Emotion and the Thinking Cap, October 1912




The problem of carrying a Presidential election is mainly how by iteration to excite the voters to believe in some real or artificial peril to the country. The bellows of emotion is used to kindle the untouched coal of feeling, first to a red-hot state and then to a devouring flame. Men who at the beginning of a campaign have presented an excellent imitation of sober-minded citizens actually contemplating questions of government become by November, through a contagion of catchwords, as blind and mad in their [partisanship] as young lovers in their love. This repetition of party cries suggests George Eliot's saying that "iteration, like friction, produces more heat than light." Sometimes the peril suggested as imminent is the destruction of American manufacturers, with, incidentally, the ruin of the American working-man; sometimes, on the contrary, it is the subversion of liberty itself by one or the other of these classes. Whatever may be the measure of actual danger, it has hitherto been the business of the [partisan] manager, the political organ, and the "spellbinder" to throw the voter into a state in which his reason will give way to his prejudices, and an epithet will have more power with him than an argument.

There are two considerations which would seem to point to a diminution during the present year in the susceptibility of the electorate to these hectic influences. One is the fatiguing excitement of the Presidential primaries, which is likely to react in intelligent people to a serener state of mind. Human nature simply cannot keep up the racket. To quote again the ten-year-old saying of Woodrow Wilson's, "Life is not all running to a fire," though sensational journalism would have us think so. The second consideration is to be found in the abundant prospect of "bumper" crops. There are now, as heretofore there have been, and as hereafter there will be, plenty of social and economic ills to be cured, and it behooves one to speak with respect of all sincere attempts to cure them; but these cannot be traded upon by politicians as readily in a year of commercial promise as in one of dire distress.

On the other hand, two new elements must be taken into account, as tending, in certain quarters, to an increase of emotion. For the first time in a Presidential election the votes of women in six States are likely to have a large total effect, and these will add an influence from the sex which, on the whole, is moved more by feeling than by reason, and which, moreover, is an influence likely to be played upon easily by politicians. Again, the campaign has taken on an entirely novel phase in what may be called the political capitalization of benevolent work, which is sure to emotionalize politics to a very great extent. The "settlement," for good or ill, is now fairly in the political field, and before long we shall discover whether this movement is likely to do more good to politics than harm to benevolence. Perhaps the time may come when, in addition to Tammany benevolent associations, we may have Progressive college settlements, Republican dispensaries, and Democratic outdoor relief. Nobody seems to be considering the social peril involved in [partisan] charities.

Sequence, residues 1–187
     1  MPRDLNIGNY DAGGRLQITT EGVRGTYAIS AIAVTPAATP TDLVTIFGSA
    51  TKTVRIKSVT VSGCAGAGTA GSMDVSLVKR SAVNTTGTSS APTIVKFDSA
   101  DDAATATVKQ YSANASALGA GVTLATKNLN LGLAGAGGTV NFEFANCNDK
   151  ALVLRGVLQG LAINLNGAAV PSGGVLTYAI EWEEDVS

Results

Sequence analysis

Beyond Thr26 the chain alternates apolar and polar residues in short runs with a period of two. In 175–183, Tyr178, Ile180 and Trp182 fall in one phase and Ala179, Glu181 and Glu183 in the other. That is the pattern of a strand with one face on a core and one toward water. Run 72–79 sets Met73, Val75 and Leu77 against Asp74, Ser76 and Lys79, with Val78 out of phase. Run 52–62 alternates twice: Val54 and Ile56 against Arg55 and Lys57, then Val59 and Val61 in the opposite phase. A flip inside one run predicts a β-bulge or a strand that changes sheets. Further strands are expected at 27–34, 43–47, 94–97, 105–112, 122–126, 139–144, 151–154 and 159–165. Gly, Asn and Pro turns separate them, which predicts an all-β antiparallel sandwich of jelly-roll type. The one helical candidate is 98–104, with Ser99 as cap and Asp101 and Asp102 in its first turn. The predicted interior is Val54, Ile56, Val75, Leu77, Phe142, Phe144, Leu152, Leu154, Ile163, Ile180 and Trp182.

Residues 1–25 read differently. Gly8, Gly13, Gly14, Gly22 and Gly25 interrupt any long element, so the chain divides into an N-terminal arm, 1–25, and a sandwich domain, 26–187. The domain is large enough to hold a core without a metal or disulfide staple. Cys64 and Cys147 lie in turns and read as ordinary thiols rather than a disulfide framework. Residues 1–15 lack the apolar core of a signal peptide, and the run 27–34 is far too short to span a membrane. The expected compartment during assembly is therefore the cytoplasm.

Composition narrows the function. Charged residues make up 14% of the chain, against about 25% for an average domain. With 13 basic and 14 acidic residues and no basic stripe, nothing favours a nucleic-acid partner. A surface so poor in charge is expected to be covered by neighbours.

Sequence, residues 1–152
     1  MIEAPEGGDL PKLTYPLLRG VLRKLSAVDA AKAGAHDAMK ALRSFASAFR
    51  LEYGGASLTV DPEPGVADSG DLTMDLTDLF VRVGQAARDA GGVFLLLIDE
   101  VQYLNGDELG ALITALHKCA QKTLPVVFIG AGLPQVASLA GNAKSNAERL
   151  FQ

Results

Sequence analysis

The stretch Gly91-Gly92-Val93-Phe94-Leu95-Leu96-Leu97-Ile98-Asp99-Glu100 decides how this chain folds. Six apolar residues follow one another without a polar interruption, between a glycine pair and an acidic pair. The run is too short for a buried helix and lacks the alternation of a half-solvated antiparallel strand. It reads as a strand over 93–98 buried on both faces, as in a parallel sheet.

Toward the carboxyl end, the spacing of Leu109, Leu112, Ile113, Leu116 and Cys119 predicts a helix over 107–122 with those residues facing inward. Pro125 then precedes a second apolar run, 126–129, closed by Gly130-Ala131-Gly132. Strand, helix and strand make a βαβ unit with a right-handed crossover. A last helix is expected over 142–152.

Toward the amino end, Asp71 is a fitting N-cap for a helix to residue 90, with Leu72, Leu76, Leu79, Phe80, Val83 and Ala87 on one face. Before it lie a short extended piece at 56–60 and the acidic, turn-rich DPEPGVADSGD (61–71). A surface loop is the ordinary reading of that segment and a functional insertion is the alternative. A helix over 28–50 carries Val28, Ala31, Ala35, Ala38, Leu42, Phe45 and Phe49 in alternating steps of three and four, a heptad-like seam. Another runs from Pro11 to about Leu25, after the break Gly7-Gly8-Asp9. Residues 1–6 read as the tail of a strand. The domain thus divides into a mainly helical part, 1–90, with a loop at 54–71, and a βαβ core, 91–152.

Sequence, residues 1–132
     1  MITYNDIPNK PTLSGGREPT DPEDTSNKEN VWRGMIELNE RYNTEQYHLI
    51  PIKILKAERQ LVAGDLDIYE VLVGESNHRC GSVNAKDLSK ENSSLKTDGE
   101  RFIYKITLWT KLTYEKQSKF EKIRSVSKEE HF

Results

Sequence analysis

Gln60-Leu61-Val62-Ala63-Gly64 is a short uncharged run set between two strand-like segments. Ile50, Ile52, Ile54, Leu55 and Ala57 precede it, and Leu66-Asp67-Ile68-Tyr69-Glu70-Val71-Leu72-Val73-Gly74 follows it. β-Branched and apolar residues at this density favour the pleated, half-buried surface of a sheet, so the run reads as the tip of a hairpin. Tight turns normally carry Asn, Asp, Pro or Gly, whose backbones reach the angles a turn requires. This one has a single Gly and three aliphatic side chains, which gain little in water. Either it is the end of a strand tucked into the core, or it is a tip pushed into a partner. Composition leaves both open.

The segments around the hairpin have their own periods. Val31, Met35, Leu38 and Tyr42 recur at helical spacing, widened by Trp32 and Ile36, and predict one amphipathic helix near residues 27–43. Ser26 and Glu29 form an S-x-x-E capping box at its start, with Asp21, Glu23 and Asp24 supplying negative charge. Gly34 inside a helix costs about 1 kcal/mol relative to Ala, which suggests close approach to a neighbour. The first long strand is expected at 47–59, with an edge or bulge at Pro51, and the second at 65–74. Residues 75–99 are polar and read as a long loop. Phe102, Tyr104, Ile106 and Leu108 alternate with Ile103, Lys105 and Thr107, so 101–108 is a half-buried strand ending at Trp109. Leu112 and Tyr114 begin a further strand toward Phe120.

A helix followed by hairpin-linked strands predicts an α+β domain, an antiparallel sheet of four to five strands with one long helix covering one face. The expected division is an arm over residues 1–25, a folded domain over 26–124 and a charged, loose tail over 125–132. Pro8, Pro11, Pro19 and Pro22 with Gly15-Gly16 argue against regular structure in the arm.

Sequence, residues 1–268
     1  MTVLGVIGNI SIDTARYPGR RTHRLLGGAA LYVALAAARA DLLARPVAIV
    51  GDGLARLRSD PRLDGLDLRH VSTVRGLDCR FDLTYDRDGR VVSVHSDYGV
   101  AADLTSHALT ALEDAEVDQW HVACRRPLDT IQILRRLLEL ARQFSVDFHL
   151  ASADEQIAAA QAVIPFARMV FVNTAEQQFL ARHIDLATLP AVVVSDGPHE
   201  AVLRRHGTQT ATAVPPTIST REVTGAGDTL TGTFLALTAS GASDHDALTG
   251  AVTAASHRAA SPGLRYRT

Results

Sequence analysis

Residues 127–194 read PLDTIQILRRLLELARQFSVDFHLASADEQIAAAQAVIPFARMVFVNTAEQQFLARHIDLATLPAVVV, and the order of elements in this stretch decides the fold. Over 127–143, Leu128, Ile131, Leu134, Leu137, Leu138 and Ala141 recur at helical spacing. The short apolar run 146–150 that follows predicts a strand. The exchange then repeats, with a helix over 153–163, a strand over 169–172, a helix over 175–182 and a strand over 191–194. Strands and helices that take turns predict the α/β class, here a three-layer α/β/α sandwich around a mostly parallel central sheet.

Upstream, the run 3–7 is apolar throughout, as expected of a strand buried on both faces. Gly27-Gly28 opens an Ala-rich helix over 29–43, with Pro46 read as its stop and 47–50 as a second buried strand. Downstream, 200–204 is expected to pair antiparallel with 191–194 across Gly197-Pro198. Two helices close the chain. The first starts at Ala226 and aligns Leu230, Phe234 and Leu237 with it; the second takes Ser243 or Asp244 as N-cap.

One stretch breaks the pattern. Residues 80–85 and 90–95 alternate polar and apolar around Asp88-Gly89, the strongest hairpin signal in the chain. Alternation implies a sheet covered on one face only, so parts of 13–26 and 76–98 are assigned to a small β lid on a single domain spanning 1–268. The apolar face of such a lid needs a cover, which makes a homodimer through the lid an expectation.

We are very far from meaning to say that emotion should have no place in politics. Great wrongs call for great indignation, and indignation comes to the surface in emotion. But it is important to bear in mind that government is a practical adjustment of means to ends, a difficult and complicated business, to which emotion may supply a motive, but for which it alone cannot provide a solution. In politics emotion is one of the most manifest of all the causes that conspire to blind Man's erring judgment and misguide the mind. [page 2]

Apparently, there never was a campaign when it was more desirable to put on one's thinking-cap and to keep it on.